The final piece is the department selector which controls the rest of the application.



/* Native Select component to enable selection of Department */
NativeSelect<Departments> selectDepartment = new NativeSelect<>("Select department");
selectDepartment.setItems(DataModel.departments());
selectDepartment.setItemCaptionGenerator(Departments::getDeptName);
selectDepartment.setEmptySelectionAllowed(false);


We implement it as a NativeSelect<T> component that calls departments(), which was previously defined in DataModel, to retrieve a Stream of Departments from the database. Next, we specify what property of Department to display in the dropdown list (default is toString()).

Since we do not allow empty selections, we set the defaultDept to the first element of the Department Stream. Note that the defaultDept is stored as a variable for later use.

/* Default department to use when starting application */
final Departments defaultDept = DataModel.departments().findFirst().orElseThrow(NoSuchElementException::new);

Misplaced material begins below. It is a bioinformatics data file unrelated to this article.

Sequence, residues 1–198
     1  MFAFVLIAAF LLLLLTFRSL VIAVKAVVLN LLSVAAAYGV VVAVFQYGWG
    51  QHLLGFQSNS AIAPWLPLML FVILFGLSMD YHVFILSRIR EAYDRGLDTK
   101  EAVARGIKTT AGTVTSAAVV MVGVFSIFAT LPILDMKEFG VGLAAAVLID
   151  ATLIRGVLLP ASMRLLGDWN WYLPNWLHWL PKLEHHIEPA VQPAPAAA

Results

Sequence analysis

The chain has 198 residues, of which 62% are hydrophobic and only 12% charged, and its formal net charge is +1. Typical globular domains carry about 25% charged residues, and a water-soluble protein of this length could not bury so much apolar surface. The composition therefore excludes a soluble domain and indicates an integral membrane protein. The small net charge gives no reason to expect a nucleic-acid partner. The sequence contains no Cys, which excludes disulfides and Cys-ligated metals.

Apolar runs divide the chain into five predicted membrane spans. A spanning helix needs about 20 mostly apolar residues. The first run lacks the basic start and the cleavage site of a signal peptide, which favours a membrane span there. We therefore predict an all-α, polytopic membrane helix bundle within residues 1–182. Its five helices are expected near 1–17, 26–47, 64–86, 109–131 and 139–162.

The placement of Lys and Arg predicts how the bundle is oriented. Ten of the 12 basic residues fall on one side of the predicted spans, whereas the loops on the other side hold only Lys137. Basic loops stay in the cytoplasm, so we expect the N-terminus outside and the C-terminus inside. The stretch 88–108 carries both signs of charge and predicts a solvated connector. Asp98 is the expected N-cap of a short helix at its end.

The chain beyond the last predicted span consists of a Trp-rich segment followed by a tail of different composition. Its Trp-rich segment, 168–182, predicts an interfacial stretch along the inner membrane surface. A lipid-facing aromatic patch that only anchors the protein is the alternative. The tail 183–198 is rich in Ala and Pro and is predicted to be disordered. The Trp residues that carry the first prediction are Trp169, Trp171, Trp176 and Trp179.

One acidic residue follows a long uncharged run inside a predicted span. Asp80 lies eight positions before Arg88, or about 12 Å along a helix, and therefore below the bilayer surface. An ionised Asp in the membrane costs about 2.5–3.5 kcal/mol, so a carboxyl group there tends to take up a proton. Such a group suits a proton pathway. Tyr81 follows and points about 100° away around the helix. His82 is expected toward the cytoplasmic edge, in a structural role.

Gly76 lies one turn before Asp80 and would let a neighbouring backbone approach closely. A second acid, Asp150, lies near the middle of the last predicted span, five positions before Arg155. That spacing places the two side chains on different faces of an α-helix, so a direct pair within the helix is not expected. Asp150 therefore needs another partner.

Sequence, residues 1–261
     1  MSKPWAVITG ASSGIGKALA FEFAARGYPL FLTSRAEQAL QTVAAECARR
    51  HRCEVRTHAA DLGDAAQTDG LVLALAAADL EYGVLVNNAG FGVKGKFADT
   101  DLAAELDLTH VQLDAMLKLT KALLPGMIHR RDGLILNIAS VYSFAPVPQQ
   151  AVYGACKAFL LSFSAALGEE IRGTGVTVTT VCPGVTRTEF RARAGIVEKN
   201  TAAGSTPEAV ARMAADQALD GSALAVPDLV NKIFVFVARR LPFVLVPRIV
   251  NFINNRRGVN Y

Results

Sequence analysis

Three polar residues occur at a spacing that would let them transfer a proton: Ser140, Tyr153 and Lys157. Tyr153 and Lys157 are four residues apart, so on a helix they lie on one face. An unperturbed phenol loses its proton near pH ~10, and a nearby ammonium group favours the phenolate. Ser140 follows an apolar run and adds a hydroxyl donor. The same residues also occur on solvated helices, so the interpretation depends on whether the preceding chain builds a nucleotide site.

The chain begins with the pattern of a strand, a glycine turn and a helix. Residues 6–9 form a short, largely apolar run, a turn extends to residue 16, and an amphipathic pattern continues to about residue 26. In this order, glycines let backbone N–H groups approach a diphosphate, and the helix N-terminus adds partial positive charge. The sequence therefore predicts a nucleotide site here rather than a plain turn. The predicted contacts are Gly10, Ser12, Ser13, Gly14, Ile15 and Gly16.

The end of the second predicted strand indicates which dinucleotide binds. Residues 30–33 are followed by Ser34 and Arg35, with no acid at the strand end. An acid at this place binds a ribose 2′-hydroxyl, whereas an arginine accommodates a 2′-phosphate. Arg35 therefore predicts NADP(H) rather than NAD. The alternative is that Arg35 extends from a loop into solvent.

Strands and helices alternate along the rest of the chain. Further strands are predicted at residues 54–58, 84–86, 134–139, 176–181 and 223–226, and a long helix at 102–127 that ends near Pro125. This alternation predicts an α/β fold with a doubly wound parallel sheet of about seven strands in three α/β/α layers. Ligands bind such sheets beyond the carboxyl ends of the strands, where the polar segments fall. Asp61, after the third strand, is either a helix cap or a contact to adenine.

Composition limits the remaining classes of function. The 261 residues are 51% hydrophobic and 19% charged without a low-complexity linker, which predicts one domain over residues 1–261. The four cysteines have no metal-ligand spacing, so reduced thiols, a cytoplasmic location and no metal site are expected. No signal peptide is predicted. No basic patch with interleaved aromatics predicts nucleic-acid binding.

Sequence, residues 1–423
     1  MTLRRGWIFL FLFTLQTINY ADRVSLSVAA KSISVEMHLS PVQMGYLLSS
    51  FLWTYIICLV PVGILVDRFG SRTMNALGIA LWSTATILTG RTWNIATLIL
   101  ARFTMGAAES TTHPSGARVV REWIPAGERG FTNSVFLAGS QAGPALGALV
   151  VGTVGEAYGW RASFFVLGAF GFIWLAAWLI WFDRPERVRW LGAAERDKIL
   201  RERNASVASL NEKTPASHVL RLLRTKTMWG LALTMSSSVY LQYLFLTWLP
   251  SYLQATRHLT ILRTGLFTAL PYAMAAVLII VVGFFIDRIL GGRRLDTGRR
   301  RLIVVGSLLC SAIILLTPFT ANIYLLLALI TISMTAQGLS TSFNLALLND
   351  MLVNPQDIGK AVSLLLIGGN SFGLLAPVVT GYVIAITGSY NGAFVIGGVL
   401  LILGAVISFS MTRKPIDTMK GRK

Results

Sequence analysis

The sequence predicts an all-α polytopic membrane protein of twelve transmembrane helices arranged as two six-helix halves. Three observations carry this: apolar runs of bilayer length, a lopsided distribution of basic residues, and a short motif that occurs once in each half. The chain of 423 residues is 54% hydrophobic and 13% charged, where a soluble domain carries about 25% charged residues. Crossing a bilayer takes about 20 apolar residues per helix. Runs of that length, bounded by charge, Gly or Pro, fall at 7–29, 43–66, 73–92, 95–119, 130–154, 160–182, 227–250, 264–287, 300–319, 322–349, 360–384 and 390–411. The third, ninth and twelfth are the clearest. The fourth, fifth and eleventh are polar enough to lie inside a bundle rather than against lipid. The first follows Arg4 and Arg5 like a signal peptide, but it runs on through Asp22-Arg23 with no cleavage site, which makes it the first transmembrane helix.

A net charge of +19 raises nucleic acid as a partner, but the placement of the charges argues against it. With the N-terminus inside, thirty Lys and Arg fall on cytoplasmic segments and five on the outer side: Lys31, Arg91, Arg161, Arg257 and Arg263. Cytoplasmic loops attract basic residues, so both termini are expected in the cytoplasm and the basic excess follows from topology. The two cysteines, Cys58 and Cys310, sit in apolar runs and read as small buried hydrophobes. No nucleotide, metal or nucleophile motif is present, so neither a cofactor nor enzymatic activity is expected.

selectDepartment.setSelectedItem(defaultDept);

Adding the Components to the UI

So far we have only declared the components without adding them to the actual canvas. To be displayed in the application they all need to be added to the UI. This is usually done by attaching them to a Layout. Layouts are used to create a structured hierarchy and can be nested into one and other.

HorizontalLayout contents = new HorizontalLayout();
contents.setSizeFull();

VerticalLayout menu = new VerticalLayout();
menu.setWidth(350, Unit.PIXELS);

VerticalLayout body = new VerticalLayout();
body.setSizeFull();
As revealed in the code above, three layouts were used for this purpose, one horizontal and two vertical. Once the layouts are defined we can add the components.

menu.addComponents(appTitle, selectDepartment, noOfEmployees, averageSalary);
body.addComponents(genderChart, salaryChart);
contents.addComponent(menu);
// Body fills the area to the right of the menu
contents.addComponentsAndExpand(body); 
// Adds contents to the UI 
setContent(contents);
Components appear in the UI in the order they are added. For a VerticalLayout such as the menu, this means from top to bottom. Notice how the HorizontalLayout contents hold the two VerticalLayouts, placing them next to each other. This is necessary because the UI itself can hold only one component, namely contents which holds all components as one unit.